The Department of Health and Human Services’ Office for Civil Rights website has completed a redesigned recently, upgrading with new features, a responsive design and a more user-friendly feel.
The redesign was part of the Reimagined HHS.gov project. The aim was to introduce a website that is faster, easier to use, and makes content sharing and syndication much more simple. The HHS site-wide overhaul has begun over a year so far, with the OCR the first HHS department to receive its site upgrade.
The upgrade and redesign was carried in phases, with phase 1 of the project completed in May, 2015. OCRs overhaul was completed on schedule and went live this week in time for the January 6 launch.
The new crisp, clean, and simplistic design displays information more clearly, while a fast and powerful search function has been incorporated to ensure people visiting the site can quickly and easily gain access to the information they require. Typing in a search term will offer numerous predictive suggestions based on the most common searches of the site, ensuring the most relevant data can be quickly retrieved.
In order to quicken the search function, HHS had to trim down the site content substantially. Over 154,000 obsolete and outdated files were taken down from the site as part of the overhaul.
Visitors conducting searches are presented with OCR-specific data at the top of the search results page, with relevant information from other government websites also listed (OIG, CDC, HealthIT, samhsa, his, Etc.). The website much more easy to use, one-stop-shop for information on Health Information Privacy and Civil Rights.
A responsive format was selected to ensure the website could be easily accessed on the widest possible variety of devices. Content is shown clearly on laptops, desktops, Smartphones, tablets, and mobile devices, regardless of screen-size.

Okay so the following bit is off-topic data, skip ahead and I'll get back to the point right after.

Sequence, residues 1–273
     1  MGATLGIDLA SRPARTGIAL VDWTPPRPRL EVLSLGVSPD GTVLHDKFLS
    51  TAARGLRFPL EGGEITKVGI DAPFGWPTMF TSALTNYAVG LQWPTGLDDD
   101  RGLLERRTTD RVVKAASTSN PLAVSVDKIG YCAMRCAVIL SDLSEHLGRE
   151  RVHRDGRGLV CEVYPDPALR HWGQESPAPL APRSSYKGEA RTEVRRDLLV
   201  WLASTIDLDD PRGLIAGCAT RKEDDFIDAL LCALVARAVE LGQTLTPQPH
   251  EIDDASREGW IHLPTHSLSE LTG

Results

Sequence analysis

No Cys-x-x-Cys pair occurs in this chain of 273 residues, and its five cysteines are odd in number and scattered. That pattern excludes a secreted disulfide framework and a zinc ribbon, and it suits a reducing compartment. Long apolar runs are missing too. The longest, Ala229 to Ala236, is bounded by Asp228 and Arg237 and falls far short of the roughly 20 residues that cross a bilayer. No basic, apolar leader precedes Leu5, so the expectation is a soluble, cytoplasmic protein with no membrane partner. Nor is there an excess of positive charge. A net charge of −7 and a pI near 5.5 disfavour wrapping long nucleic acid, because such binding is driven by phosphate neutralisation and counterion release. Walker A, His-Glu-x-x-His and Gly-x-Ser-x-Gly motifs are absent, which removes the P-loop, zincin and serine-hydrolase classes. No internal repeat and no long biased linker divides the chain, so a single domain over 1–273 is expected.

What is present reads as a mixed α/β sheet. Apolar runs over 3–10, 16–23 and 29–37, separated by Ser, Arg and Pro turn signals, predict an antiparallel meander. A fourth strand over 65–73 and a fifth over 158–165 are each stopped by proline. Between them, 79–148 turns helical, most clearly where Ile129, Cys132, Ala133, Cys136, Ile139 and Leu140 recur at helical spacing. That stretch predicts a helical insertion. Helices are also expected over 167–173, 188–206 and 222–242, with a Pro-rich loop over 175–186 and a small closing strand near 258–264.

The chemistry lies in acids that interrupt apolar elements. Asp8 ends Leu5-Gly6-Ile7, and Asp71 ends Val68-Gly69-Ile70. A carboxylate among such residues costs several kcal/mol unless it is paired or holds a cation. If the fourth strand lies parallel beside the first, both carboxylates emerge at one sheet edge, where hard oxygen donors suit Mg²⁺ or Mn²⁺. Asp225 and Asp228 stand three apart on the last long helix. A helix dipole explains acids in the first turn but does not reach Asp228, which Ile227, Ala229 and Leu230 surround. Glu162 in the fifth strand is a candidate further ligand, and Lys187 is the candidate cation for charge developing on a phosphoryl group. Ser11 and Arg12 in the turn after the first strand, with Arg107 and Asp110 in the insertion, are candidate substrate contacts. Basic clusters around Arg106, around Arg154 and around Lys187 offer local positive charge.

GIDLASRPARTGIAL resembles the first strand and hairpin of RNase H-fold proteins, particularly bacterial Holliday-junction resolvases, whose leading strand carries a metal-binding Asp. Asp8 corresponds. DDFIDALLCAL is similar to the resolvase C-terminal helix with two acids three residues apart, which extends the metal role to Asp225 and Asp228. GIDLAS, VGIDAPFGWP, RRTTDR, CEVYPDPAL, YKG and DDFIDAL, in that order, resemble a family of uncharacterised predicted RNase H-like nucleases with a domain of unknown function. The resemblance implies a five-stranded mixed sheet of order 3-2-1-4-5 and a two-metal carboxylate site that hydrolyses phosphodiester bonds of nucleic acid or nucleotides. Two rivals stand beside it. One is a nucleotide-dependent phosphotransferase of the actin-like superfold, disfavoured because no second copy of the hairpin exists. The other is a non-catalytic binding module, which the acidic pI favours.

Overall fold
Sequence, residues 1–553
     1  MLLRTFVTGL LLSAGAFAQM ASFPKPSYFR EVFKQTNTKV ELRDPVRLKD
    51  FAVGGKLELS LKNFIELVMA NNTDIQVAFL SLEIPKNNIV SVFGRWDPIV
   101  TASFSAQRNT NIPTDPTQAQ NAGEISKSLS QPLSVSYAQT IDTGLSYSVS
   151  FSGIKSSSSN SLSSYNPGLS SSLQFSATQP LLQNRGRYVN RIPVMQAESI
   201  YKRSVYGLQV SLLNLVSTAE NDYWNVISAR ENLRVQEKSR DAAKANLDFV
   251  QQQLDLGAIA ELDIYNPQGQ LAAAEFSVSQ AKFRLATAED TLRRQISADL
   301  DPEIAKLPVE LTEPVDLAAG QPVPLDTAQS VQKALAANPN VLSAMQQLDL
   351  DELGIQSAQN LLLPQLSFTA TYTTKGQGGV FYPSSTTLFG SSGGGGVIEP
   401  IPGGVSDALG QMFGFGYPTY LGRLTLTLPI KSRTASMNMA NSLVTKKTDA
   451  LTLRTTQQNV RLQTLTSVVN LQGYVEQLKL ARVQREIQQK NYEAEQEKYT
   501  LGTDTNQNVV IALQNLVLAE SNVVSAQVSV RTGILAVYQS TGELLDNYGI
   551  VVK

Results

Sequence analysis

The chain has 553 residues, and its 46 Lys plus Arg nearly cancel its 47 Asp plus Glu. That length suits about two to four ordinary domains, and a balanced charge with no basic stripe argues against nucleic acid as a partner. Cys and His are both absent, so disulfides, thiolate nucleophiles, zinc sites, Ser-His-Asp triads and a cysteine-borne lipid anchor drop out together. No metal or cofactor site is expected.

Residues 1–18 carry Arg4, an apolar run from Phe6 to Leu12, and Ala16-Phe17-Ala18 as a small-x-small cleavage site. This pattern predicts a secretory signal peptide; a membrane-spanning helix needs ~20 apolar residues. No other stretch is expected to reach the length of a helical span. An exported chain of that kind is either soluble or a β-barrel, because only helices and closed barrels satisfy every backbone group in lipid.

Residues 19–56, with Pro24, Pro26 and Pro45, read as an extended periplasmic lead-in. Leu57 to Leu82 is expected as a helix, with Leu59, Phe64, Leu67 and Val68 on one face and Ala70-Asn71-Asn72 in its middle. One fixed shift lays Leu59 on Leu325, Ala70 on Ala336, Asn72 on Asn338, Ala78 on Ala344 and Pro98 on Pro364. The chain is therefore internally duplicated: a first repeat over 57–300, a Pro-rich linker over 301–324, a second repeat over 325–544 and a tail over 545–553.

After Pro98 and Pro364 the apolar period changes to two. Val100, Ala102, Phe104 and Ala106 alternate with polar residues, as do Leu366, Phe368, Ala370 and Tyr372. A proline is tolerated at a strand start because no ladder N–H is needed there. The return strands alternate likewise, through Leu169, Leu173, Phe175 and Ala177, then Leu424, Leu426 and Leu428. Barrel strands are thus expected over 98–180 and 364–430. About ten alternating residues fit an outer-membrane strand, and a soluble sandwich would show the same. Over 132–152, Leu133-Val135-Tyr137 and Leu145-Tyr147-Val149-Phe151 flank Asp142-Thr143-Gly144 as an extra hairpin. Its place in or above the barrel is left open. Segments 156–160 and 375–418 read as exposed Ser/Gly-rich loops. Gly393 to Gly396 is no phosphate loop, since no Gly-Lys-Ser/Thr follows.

The OCR section of the HHS website receives an estimated 2 million visitors every year, and includes 8 out of the top 10 most popular pages on the entire HHS site. The OCR site is accessed by the public, healthcare providers, and other professionals, so it was important to segregate content to make it more relevant for each specific visitor. Information and resources have been categorized and split into sections for individuals, professionals and providers to make it quicker and easier to find the most relevant information.
The new design was selected after extensive research, and development has been guided by web analytics, user surveys, market research and usability testing. HHS also researched similar projects carried out by digital leaders such as NPR and Wired Magazine.
Jocelyn Samuels, Director of OCR stated: “Our website is a critical component of our outreach, education and enforcement efforts.” She added: “The new features and capabilities of the website will help visitors quickly and easily find the information they are looking for. We are committed to providing the most useful tools as possible for our audiences and this new site will help us in achieving this goal.”